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Figure C - Delay Impact 2


1 2 3 4 5 6 7 8 9 10 Weeks 11 12 13 14 15 16 17 18 19 20 21 22

PRIOR TO EXCUSABLE DELAY (UPDATE WITH ACTUAL PROGRESS) Path 1


<=Date of Excusable Delay Path 1 Float = 3.0 Weeks Contract Start Date Contract Completion Date

Path 2

Path 2 Float = 5.5 Weeks

AFTER EXCUSABLE DELAY Path 1


Impact on Path 1 = 3.5 Weeks

Excusable Delay

Contract Completion Date Float = -0.5 Week

Path 2

(1) EOT Entitlement (a) 0.5 Weeks (b) 3.5 Weeks (c) 0 Weeks (d) 5.5 Weeks

(2) Period of Prolongation Costs (a) 5.5 Weeks (b) 0.5 Weeks (c) 3.5 Weeks (d) 0 Weeks

(3) Compensation for Delay to Progress (a) 3.5 Weeks (b) 0.5 Weeks (c) 0 Weeks (d) 3.0 Weeks

(4) Other Compensation (a) 0.15% of Contract Price (b) Direct Costs of Excusable Delay (c) (a) plus (b) (d) NIL

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Principles & Provisions of the SCL Protocol relevant to Figure C


Core Principle No. 4 - Procedure for granting extension of time The EOT should be granted to the extent that the Employer Risk Event is reasonably predicted to prevent the works being completed by the then prevailing contract completion date..The goal of the EOT procedure is the ascertainment of the appropriate contractual entitlement to an EOT; the procedure is not to be based on whether or not the Contractor needs an EOT in order not to be liable for liquidated damages. Core Principle No. 5 Effect of delay For an EOT to be granted, it is not necessary for the Employer Risk Event already to have begun to affect the Contractors progress with the works, or for the effect of the Employer Risk Event to have ended.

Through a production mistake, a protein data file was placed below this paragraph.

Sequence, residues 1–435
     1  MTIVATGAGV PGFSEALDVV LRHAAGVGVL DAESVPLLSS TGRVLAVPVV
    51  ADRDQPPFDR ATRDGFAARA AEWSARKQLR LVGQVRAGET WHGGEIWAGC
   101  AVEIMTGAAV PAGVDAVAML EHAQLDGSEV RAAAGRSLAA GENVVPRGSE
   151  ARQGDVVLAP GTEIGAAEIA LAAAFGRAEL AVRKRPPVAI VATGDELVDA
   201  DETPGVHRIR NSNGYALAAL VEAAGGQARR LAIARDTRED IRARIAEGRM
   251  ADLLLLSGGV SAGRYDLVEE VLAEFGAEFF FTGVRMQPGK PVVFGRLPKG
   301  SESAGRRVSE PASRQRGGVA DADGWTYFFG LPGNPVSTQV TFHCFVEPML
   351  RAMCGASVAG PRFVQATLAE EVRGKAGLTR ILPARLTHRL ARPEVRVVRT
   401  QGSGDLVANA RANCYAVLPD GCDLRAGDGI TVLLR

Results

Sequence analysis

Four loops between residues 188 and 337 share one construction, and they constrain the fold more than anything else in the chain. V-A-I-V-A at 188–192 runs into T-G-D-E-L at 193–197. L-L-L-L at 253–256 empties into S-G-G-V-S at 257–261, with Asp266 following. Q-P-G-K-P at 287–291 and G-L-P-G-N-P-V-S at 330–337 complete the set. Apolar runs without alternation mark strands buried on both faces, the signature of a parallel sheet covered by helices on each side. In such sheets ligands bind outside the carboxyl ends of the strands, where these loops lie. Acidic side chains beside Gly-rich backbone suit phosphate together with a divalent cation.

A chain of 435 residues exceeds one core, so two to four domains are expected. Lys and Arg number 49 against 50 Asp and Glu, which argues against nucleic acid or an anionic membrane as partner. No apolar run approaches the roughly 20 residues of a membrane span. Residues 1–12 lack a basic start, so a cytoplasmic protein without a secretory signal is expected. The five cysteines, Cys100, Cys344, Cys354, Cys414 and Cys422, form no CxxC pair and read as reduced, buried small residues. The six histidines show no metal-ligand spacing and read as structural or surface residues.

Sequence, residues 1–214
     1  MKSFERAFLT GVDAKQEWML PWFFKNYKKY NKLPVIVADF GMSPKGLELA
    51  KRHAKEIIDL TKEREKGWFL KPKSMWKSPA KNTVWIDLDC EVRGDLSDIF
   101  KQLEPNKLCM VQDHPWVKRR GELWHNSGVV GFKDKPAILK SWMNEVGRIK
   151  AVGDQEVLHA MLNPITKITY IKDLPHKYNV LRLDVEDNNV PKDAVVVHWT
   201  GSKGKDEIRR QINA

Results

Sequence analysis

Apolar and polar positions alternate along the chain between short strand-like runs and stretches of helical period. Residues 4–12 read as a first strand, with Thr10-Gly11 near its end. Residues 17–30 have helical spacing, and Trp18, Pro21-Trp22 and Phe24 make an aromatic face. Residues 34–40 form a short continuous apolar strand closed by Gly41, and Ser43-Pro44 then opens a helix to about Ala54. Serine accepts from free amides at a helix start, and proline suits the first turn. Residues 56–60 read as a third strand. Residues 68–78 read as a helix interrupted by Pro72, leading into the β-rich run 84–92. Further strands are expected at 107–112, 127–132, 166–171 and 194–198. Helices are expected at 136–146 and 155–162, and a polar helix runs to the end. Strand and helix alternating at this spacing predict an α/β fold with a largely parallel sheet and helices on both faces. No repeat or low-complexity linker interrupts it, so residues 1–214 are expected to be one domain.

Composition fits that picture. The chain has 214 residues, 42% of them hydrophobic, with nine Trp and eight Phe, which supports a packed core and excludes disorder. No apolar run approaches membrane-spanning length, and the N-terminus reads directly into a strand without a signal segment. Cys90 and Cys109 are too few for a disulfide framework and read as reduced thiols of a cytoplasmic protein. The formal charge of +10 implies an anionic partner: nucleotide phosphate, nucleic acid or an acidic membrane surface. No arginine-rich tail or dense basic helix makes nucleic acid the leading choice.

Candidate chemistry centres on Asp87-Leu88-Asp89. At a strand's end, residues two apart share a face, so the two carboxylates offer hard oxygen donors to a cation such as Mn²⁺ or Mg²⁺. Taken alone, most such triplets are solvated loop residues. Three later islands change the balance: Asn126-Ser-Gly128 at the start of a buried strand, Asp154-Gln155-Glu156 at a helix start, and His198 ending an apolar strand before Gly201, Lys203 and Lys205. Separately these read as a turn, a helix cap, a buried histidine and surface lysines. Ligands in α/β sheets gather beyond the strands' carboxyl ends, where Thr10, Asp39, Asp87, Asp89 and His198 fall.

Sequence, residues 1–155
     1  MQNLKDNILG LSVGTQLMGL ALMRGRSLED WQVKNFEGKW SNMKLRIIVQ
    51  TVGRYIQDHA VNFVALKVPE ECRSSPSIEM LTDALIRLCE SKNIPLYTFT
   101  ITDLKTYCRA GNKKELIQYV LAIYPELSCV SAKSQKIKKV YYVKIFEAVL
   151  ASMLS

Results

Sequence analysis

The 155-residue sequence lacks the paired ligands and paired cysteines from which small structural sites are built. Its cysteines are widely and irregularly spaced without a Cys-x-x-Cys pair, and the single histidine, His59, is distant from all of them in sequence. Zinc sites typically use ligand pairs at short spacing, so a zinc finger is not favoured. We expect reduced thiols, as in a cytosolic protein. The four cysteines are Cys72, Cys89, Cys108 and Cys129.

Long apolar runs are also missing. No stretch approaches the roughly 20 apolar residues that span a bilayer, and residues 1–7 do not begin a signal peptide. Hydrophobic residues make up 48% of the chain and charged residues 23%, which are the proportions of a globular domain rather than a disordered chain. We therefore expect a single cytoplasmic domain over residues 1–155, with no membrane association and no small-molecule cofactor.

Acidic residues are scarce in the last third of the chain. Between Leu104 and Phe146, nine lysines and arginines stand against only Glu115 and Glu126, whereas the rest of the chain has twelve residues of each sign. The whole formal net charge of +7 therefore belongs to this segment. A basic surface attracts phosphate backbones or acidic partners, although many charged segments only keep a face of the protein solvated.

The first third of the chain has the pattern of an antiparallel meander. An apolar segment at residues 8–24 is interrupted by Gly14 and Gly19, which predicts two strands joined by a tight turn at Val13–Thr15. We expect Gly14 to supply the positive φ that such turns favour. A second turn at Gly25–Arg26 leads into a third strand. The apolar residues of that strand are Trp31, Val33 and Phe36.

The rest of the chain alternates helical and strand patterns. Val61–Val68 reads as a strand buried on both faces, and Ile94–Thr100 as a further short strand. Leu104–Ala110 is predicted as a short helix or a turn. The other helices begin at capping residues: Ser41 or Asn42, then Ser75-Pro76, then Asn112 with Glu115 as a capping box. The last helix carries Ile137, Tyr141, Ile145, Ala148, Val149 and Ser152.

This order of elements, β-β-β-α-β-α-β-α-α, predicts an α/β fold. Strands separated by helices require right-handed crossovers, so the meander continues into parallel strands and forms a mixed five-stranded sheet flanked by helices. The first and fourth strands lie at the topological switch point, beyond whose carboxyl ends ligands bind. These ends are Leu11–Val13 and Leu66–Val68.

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Figure D - Delay Impact 3


1 2 3 4 5 6 7 8 9 10 Weeks 11 12 13 14 15 16 17 18 19 20 21 22

PRIOR TO EXCUSABLE DELAY (UPDATE WITH ACTUAL PROGRESS) Path 1


<=Date of Excusable Delay Path 1 Float = 3.0 Weeks Contract Start Date Contract Completion Date

Path 2

Path 2 Float = 5.5 Weeks

AFTER EXCUSABLE DELAY Path 1


Contract Completion Date Float = -0.5 Week

Path 2

Excusable Delay
Impact on Path 2 = 6.0 Weeks

(1) EOT Entitlement (a) 0 Weeks (b) 6.0 Weeks (c) 0.5 Weeks (d) 5.5 Weeks

(2) Period of Prolongation Costs (a) 5.5 Weeks (b) 0 Weeks (c) 6.0 Weeks (d) 0.5 Weeks

(3) Compensation for Delay to Progress (a) 3.5 Weeks (b) 0.5 Weeks (c) 6.0 Weeks (d) 3.0 Weeks

(4) Other Compensation (a) (d) minus (c) (b) Direct NIL Costs of Excusable Delay (c) Direct Costs of Excusable Delay (d) 0.2% of Contract Price

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Principles & Provisions of the SCL Protocol relevant to Figure D


Core Principle No. 4 - Procedure for granting extension of time The EOT should be granted to the extent that the Employer Risk Event is reasonably predicted to prevent the works being completed by the then prevailing contract completion date..The goal of the EOT procedure is the ascertainment of the appropriate contractual entitlement to an EOT; the procedure is not to be based on whether or not the Contractor needs an EOT in order not to be liable for liquidated damages. Core Principle No. 5 Effect of delay For an EOT to be granted, it is not necessary for the Employer Risk Event already to have begun to affect the Contractors progress with the works, or for the effect of the Employer Risk Event to have ended.

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Figure E - Delay Impact 4


1 2 3 4 5 6 7 8 9 10 Weeks 11 12 13 14 15 16 17 18 19 20 21 22

PRIOR TO EXCUSABLE DELAY (UPDATE WITH ACTUAL PROGRESS) Path 1


<=Date of Excusable Delay Contract Completion Date Contract Start Date Float = -1.5 Weeks

Path 2

AFTER EXCUSABLE DELAY Path 1


Contract Completion Date Excusable Delay

Impact on Path 1 = 2.0 Weeks Float = -3.5 Weeks

Path 2